If you started making twice the amount of money that you do today, how would your spending habits change?
Consider if the tables were turned, and you instead were reduced to half of your current income. Where would you likely make cuts to spending?
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David Einhorn's Greenlight Capital was down 0.1% for the first quarter, underperforming the S&P 500's 6.2% return. In their letter to investors, which was reviewed by ValueWalk, the Greenlight team said a lot happened during the first quarter even though they made just a handful of changes to the portfolio and essentially broke even. Q1 Read More
The reality is that the money you have coming in has big implications on how expenses get prioritized – and so it’s interesting to see how people in different income brackets allocate what they have.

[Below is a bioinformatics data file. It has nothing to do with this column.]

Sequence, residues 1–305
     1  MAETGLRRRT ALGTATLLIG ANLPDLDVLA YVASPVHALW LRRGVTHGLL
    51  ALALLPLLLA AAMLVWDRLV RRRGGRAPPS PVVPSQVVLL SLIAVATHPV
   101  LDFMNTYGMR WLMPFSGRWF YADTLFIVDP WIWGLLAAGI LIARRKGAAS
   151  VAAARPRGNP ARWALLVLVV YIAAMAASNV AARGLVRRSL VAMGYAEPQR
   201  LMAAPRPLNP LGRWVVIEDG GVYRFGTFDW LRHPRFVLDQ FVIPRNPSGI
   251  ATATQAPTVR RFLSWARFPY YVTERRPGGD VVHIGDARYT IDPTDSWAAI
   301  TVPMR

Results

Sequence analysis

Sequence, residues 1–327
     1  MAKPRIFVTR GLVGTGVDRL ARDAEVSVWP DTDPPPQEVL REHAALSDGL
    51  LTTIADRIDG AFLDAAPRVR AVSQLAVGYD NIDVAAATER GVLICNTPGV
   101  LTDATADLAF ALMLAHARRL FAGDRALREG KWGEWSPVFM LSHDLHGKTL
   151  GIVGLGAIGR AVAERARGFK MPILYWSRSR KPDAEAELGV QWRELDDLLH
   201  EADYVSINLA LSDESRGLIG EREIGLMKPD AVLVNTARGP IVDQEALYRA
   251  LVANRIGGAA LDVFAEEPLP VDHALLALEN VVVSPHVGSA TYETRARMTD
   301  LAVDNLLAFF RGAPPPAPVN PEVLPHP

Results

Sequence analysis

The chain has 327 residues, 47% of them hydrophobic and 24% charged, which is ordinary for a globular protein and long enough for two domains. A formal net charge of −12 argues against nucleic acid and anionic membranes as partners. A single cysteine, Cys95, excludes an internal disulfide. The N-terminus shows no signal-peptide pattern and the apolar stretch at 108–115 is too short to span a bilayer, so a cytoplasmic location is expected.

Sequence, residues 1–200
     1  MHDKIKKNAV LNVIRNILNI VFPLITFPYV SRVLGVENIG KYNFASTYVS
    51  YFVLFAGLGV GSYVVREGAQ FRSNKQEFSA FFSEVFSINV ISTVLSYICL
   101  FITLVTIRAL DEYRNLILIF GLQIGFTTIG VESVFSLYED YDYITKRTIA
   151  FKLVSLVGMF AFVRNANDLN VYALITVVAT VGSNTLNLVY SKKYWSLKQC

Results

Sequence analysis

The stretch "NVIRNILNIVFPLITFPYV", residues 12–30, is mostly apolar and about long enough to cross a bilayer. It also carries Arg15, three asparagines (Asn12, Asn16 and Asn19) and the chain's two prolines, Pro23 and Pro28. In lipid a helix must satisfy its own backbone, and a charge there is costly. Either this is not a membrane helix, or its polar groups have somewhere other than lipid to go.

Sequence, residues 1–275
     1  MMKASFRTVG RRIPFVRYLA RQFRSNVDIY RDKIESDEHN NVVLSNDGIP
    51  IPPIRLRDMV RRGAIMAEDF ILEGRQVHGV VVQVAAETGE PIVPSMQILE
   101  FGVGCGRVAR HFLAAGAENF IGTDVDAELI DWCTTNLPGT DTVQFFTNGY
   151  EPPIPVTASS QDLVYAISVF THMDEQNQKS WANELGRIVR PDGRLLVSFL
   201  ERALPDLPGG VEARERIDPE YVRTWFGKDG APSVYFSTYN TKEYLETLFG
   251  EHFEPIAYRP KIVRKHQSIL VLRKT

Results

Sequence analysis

Today’s series of graphics come to us from data visualization expert Nathan Yau at FlowingData, and they show how money is being spent by different income groups.
It uses data from the 2016 Consumer Expenditure Survey, an annual survey by the Bureau of Labor Statistics. Meanwhile, embedded words in the graphics come from Yau, as he makes observations on the data.
To Buy or Rent a House?
How do income groups differ in spending for housing?
How is money spent on utilities, furniture, and other household expenses?
Do income groups spend more eating at home, or eating out?
Travel and Transportation
The cost of vehicles, gas, and other travel expenses.
What about money spent on health insurance, services, or drugs?
Pensions and Social Security
Lastly, the money going to retirement, pension, social security, and insurance plans.
For more data analysis, as well as many other great visualizations on income, we highly recommend checking out FlowingData.
Article by Jeff Desjardins, Visual Capitalist